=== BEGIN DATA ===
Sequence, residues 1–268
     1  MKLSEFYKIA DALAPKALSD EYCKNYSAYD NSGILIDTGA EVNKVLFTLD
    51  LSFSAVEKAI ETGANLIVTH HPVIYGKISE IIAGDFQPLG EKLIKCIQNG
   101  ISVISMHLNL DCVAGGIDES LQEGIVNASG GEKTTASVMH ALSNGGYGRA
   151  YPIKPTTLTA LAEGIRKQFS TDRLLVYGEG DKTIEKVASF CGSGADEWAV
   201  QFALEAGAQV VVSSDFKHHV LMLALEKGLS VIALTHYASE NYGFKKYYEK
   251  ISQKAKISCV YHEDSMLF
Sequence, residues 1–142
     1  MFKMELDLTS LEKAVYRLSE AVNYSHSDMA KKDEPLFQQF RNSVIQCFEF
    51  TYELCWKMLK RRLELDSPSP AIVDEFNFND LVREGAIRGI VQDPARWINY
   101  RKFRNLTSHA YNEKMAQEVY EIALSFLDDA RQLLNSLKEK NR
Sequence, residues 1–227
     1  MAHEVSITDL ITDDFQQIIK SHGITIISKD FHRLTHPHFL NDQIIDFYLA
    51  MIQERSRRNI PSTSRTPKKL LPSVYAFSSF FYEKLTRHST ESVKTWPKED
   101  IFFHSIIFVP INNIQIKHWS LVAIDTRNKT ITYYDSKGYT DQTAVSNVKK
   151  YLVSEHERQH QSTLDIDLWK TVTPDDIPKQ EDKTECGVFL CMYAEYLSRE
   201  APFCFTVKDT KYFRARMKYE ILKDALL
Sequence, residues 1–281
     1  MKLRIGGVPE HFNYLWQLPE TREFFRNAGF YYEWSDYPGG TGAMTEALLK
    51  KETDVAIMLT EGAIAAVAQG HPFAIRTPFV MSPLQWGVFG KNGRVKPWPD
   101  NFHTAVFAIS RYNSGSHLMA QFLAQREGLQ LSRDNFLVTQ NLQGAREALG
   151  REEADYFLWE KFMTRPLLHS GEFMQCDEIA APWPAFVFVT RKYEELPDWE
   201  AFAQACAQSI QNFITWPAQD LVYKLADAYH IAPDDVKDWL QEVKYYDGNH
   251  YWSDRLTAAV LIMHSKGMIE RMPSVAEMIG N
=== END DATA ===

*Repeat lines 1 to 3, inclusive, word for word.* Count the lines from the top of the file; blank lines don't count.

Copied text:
Sequence, residues 1–268
     1  MKLSEFYKIA DALAPKALSD EYCKNYSAYD NSGILIDTGA EVNKVLFTLD
    51  LSFSAVEKAI ETGANLIVTH HPVIYGKISE IIAGDFQPLG EKLIKCIQNG